Custom Editor showing a Dialog

Feb 23, 2011 at 7:47 PM


I would like to implement an editor to edit multi-line strings (i.e. strings with return). I would like this editor to be a Dialog constructed as a WPF Window in my application (so with the look and feel of my application) and the TextBox in the Property Editor would show a button with '...' that would show the dialog when clicked.

In the demo application I can see Custom editors but they all are "in place" editors. In the library, I can see the detailed implementation for FilePicker which uses a kind of Control to bridge between the PropertyEditor and the external dialog which is not my scenario neither.

Is there a way to implement what I want using the library without the need to change the library ? How would I do that ?

Thank you

Feb 25, 2011 at 9:35 AM

hi Giko, 

I think this is a feature that can be added to the issue list - to support some kind of "UITypeEditor".

It is possible to do it with a custom PropertyViewModel and a template, but I agree it should be easier to do.

I'll add it to the issue tracker !

Feb 25, 2011 at 11:57 AM

Hello Objo,

The solution I came with, inspired by the demo and the library, was done within my application that is, without modifying the library

First I defined a control which encapsulates the dialog window , like this

    public class PropertyStringEditor : Control

            public static readonly DependencyProperty StringToEditProperty =
                DependencyProperty.Register("StringToEdit", typeof(string), typeof(PropertyStringEditor),
                                            new FrameworkPropertyMetadata(null,

            static PropertyStringEditor()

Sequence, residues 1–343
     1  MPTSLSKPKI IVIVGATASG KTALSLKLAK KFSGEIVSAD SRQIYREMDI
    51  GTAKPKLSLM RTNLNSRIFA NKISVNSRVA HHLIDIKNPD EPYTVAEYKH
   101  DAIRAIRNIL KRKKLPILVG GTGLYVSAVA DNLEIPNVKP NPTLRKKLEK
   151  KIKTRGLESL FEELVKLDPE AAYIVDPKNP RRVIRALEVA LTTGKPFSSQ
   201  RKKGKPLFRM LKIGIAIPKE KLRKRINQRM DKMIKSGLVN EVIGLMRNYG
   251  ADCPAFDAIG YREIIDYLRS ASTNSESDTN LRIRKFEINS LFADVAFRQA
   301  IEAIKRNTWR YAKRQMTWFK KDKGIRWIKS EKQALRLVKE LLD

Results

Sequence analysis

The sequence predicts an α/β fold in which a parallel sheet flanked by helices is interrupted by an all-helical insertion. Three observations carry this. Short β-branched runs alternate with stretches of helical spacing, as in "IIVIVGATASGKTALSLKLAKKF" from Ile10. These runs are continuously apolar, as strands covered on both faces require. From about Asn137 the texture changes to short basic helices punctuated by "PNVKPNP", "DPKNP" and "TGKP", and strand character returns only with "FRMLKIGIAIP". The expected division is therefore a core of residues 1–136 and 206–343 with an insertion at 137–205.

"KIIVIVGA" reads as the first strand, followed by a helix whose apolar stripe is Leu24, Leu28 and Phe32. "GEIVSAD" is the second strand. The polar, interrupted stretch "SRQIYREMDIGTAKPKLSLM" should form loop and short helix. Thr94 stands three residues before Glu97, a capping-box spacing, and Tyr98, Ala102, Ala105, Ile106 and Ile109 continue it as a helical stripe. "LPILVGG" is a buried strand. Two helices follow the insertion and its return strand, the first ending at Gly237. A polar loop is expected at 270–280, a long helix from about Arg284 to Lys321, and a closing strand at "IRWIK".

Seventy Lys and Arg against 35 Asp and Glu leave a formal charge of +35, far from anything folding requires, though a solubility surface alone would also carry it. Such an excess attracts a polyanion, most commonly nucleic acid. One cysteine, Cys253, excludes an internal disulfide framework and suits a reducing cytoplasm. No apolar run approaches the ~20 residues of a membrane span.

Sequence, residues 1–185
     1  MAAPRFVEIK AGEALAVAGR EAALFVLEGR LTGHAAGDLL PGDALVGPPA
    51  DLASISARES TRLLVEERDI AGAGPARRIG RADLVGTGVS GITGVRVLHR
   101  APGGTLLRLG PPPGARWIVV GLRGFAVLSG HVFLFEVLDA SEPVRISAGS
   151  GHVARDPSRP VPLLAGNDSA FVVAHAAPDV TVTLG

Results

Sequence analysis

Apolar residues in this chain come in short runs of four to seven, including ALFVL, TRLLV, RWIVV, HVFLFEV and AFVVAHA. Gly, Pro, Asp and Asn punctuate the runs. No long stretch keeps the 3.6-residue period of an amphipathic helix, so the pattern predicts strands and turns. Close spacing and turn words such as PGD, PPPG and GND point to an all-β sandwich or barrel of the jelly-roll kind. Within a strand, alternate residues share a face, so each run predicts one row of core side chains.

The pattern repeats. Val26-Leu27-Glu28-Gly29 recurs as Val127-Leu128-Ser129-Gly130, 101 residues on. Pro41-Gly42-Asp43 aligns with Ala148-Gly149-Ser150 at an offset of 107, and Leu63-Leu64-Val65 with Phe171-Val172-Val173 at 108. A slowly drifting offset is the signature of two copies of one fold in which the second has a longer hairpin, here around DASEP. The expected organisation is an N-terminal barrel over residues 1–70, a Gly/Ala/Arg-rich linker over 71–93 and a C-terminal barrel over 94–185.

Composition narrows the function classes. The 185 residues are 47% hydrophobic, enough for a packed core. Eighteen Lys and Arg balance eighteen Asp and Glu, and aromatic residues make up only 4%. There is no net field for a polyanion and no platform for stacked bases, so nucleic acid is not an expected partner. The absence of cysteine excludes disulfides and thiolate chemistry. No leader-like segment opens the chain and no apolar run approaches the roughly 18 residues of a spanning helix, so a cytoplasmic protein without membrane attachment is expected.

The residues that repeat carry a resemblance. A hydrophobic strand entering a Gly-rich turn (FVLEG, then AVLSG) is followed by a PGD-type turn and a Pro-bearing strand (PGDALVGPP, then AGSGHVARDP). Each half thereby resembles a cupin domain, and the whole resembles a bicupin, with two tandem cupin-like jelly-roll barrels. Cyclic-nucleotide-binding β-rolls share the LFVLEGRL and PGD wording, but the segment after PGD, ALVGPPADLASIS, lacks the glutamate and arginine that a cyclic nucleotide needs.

new FrameworkPropertyMetadata(typeof(PropertyStringEditor)));

            public PropertyStringEditor()
                BrowseCommand = new DelegateCommand(Browse);

            public string StringToEdit
                get { return (string)GetValue(StringToEditProperty); }
                set { SetValue(StringToEditProperty, value); }

            public ICommand BrowseCommand { get; set; }

            private void Browse()

                var d = new StringEditorDialog();
                d.StringToEdit = StringToEdit;

                if (true == d.ShowDialog())
                    StringToEdit = d.StringToEdit;

Then I defined the following template and style

 <DataTemplate x:Key="EditMultilineString">
        <local:PropertyStringEditor StringToEdit="{Binding Value, ValidatesOnDataErrors=True}" />

    <Style TargetType="{x:Type local:PropertyStringEditor}">
        <Setter Property="MinWidth" Value="30" />
        <Setter Property="Template">
                <ControlTemplate TargetType="{x:Type local:PropertyStringEditor}">
                            <ColumnDefinition Width="*" />
                            <ColumnDefinition Width="Auto" />
                        <TextBox Height="20" Text="{Binding StringToEdit,RelativeSource={RelativeSource TemplatedParent}}" />
                        <Button Height="20" Grid.Column="1" MinWidth="40" Content="..." Command="{Binding BrowseCommand,RelativeSource={RelativeSource TemplatedParent}}" Margin="0 0 0 0" />

And last I defined the new Editor in the PropertyEditor


        <wpt:PropertyEditor Name="pe" DataContext="{Binding Source={x:Static mod:StateManager.Instance}}"   
                            SelectedObject="{Binding SelectedObject}"
                <wpt:TypeEditor EditedType="{x:Type System:String}" EditorTemplate="{StaticResource EditMultilineString}"/>






Feb 25, 2011 at 5:49 PM

Nice solution! Nothing is better than no changes in the library :)

There should still be a general way to define some properties to have a "Browse" button and an action connected to it - I think a new attribute and a "BrowsablePropertyViewModel" could solve this.